Take a cue from Oprah’s teacher with ‘learner safety’

Series takes you through the four stages of Psychological Safety; Step 2 defines learner safety.

Every 26 seconds a high school student drops out in the U.S., and it isn’t because they can’t do the work.

It’s more about emotions than ability. When people don’t feel the support they need in the learning process – they give up.

And when they do feel nurtured, the possibilities are endless. Take Oprah. She became so emotional in this video when her favorite teacher visited her show. She credits Ms. Dunkin, her 4th grade teacher, for building her confidence; allowing her the ability to develop her potential. Oprah truly experienced learner’s safety.

Ms. Dunkin got it right – this is what learner safety leaders do and here’s how you can become one.

  1. Mistakes are good. Failure can be frightening, and as a leader, you can take the sting out of it.  Own up to the mistakes you’ve made and celebrate failures as learnings – in front of your team. Regularly ask employees what they’ve done that didn’t work out as expected and what they learned from those experiences. This will help team members recognize they won’t be punished for mistakes and feel more comfortable taking risks and speaking up.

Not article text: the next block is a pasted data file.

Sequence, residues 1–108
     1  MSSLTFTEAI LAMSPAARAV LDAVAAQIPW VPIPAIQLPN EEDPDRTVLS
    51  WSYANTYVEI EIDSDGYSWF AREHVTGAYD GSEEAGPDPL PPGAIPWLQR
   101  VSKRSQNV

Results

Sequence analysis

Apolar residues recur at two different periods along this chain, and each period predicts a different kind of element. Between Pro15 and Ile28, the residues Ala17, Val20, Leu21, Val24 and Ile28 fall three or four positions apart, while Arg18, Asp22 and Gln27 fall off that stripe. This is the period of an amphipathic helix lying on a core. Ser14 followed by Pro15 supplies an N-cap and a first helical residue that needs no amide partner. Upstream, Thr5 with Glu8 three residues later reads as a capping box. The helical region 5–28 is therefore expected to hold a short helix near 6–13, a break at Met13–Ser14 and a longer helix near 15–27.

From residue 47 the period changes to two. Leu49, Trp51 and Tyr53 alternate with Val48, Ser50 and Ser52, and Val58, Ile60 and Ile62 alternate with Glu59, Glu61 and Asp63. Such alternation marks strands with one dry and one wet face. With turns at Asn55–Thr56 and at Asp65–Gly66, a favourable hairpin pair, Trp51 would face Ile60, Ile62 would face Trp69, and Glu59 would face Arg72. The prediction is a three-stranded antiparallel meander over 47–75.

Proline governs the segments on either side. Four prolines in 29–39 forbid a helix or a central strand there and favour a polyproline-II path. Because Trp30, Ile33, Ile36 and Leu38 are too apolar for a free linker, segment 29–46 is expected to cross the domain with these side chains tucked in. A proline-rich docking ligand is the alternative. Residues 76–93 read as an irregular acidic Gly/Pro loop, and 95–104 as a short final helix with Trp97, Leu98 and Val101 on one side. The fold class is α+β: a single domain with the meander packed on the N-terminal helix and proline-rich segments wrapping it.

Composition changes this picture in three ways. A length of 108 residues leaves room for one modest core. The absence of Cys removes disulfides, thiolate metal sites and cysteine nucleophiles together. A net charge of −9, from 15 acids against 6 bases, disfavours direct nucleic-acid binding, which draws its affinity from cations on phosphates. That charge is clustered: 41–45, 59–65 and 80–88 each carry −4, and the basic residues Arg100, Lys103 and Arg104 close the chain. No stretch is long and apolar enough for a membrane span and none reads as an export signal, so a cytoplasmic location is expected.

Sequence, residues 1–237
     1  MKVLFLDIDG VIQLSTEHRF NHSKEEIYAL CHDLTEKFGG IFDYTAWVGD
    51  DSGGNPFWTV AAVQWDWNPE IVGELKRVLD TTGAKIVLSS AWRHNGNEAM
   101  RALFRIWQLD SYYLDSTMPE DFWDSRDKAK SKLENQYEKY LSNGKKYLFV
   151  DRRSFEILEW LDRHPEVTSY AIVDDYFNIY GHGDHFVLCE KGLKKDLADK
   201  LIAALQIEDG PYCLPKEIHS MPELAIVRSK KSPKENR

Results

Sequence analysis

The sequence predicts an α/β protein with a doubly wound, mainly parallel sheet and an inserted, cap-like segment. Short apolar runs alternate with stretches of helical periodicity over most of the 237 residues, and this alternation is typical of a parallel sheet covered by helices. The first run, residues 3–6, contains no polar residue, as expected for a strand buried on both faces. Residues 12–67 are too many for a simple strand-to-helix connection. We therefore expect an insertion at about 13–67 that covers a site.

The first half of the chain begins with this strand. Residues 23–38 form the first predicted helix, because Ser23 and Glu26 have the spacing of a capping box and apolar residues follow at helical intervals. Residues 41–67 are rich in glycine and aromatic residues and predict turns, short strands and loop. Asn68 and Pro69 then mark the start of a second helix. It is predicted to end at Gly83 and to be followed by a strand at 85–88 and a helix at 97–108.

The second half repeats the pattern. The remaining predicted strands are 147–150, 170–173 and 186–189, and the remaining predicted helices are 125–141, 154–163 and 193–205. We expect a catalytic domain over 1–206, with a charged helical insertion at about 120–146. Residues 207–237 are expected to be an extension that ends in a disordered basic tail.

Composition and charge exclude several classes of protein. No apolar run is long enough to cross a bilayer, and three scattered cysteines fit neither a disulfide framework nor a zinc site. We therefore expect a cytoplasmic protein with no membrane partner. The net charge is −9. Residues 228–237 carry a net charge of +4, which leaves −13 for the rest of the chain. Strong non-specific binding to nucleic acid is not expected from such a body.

1. Ask for help. Employees must see you do this. Vulnerability builds bridges.
  2. Invite everyone to teach. It is one thing to learn – but teaching accelerates learning. Practicing this will take learners’ safety to a totally different level.

When learners feel safe, teams are more productive and engaged – leading to better performance.

Next month, we’ll dive into step 3 of psychological safety, “Safe to Contribute.” Read the kickoff article for more information.

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